She starred as Maria Callas in Master Class at the Manhattan Theater Club on Broadway, from June 14, 2011 (previews) to September 4, 2011. Daly reprised her role as Maria Callas in the West End production of Master Class, which opened at the Vaudeville Theatre on February 7, 2012 (after previews from January 21) in a limited engagement to April 28, 2012.


Daly performed a cabaret act, Second Time Around, in January 2010 at Feinstein's at Loews Regency, New York City. She had previously performed at Feinstein's in May 2009.


Daly appeared in John and Mary (1969), Angel Unchained (1970), Play It as It Lays (1972), and The Adulteress. She was cast as Inspector Harry Callahan's first female partner, Kate Moore, in the 1976 Dirty Harry film The Enforcer. The film was critically panned, though a box office success. Daly's performance divided critics, with some calling it too "mannered" for film, while others praised the strength she brought to the role. The concept of a male/female police partnership was later used as the basis for the television show Hunter.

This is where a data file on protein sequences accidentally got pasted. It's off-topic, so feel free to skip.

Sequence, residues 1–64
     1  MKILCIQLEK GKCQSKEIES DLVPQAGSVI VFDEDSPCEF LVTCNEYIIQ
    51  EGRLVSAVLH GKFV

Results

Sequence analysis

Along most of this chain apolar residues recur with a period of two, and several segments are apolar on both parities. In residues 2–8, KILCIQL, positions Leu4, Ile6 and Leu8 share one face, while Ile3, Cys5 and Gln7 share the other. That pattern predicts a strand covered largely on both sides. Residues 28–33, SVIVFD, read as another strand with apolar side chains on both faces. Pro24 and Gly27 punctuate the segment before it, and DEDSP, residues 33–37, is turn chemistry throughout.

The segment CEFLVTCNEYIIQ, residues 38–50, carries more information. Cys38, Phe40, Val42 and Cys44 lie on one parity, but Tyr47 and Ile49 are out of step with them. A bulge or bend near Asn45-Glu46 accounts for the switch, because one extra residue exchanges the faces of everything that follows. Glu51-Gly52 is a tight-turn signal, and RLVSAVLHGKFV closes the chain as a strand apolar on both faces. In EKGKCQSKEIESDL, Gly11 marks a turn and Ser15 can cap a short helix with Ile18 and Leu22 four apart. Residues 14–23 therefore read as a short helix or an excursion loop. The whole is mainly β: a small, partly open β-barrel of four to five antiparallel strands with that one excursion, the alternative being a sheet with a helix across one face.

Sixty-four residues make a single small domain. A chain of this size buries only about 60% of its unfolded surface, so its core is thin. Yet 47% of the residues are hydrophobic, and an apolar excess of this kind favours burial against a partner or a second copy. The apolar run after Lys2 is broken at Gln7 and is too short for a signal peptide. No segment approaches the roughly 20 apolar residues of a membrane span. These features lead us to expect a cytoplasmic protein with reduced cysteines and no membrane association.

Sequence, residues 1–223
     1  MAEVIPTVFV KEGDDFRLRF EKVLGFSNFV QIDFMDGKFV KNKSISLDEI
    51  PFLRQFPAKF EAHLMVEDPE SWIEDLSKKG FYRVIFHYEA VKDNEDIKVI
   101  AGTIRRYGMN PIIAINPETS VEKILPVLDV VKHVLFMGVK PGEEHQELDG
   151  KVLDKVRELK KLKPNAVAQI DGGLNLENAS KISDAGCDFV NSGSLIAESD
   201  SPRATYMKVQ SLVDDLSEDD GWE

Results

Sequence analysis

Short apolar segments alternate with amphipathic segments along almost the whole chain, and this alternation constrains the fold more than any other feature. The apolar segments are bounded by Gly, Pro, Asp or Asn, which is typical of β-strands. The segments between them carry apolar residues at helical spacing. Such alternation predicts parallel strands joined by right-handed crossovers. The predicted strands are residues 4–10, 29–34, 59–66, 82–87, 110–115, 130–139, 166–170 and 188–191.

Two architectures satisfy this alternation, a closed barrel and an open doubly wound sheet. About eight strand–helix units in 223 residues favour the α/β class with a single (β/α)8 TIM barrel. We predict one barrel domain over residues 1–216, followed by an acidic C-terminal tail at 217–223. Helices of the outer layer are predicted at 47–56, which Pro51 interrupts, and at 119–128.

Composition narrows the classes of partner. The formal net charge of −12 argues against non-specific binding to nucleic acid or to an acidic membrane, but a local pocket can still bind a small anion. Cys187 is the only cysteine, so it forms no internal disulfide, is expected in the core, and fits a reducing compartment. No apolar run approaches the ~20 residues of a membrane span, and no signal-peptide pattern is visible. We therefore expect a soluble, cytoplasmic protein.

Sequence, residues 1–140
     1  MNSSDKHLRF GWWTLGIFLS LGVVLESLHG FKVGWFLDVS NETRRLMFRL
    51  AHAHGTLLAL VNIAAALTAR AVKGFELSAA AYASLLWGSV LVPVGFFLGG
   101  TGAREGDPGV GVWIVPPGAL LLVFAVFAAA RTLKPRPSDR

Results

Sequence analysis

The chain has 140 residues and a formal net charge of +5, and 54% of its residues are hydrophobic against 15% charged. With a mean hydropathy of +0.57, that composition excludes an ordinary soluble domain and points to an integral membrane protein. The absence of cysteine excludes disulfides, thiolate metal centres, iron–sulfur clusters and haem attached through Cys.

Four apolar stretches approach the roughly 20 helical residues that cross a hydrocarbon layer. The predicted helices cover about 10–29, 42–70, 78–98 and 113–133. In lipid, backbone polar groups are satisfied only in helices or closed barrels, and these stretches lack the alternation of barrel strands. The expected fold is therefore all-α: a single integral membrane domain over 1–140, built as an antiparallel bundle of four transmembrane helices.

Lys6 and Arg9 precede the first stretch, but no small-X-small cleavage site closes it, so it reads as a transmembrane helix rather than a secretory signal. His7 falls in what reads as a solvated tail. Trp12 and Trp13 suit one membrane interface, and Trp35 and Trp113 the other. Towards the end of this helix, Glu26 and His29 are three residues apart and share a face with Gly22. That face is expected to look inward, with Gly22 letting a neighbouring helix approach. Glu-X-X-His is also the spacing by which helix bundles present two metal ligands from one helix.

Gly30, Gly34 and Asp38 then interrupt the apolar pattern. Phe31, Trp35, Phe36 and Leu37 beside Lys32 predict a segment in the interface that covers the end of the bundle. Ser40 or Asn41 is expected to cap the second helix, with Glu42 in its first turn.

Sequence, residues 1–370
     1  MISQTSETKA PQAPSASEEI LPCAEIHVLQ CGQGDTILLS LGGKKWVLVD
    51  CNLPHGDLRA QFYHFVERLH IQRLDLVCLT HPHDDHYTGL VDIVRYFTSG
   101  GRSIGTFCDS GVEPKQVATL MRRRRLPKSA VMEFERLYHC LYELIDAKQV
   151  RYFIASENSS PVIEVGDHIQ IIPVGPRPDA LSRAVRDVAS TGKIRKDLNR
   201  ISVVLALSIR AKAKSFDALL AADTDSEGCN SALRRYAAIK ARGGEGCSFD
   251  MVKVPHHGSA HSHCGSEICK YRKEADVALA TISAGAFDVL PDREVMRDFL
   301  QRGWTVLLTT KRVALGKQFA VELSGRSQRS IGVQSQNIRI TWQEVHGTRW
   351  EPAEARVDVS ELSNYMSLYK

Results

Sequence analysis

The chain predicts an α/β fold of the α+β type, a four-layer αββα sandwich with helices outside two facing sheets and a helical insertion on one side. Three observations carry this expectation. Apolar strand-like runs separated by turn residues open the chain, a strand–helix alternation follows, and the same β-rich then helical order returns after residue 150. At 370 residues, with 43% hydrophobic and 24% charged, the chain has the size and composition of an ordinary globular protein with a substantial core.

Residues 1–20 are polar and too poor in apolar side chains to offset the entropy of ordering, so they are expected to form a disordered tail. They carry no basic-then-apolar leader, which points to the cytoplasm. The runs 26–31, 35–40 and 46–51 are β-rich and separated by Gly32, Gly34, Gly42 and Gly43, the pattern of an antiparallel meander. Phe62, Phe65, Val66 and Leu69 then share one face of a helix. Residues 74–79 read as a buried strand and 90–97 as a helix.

Role model

Daly has been identified as a feminist icon in the media, particularly based on her television role in Cagney and Lacey. Her role as Lacey showed a woman detective at a time where the idea was still novel; the show was also novel in presenting Lacey primarily in a work environment, rather than always showing the character at home. She has also been outspoken about maintaining a natural appearance as she ages, and for the run of Judging Amy, Daly's hair was its naturally gray state and not dyed.

Personal life